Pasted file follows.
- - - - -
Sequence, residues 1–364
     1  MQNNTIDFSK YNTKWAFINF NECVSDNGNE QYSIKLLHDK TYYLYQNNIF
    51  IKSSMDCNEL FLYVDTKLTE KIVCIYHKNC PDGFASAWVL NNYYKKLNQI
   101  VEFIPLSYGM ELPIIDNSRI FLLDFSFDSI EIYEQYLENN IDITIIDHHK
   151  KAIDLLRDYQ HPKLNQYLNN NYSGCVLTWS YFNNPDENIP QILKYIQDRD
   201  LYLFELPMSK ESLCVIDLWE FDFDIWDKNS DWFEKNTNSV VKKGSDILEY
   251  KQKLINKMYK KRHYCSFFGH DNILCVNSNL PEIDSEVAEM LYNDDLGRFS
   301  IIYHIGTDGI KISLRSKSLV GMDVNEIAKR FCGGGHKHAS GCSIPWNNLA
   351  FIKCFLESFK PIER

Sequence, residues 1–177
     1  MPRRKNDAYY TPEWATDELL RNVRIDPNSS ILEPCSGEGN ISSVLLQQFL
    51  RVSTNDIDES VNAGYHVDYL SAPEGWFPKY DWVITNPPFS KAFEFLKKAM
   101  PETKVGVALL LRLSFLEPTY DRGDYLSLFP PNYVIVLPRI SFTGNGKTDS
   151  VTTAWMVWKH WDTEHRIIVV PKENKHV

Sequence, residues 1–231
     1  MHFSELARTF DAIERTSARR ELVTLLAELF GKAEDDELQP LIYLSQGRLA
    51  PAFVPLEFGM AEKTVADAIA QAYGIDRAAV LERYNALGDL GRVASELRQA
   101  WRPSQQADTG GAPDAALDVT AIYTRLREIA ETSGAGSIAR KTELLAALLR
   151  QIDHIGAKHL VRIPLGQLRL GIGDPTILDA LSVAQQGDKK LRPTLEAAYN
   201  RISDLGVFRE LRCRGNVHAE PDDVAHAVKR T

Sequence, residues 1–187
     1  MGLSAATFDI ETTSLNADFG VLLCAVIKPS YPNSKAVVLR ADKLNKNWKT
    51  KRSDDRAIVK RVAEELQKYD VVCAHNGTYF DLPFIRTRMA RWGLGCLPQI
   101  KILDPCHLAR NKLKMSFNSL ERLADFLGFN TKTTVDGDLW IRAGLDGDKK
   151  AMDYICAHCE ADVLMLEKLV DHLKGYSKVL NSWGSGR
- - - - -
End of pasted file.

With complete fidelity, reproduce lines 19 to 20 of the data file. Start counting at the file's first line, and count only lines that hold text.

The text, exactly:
   151  QIDHIGAKHL VRIPLGQLRL GIGDPTILDA LSVAQQGDKK LRPTLEAAYN
   201  RISDLGVFRE LRCRGNVHAE PDDVAHAVKR T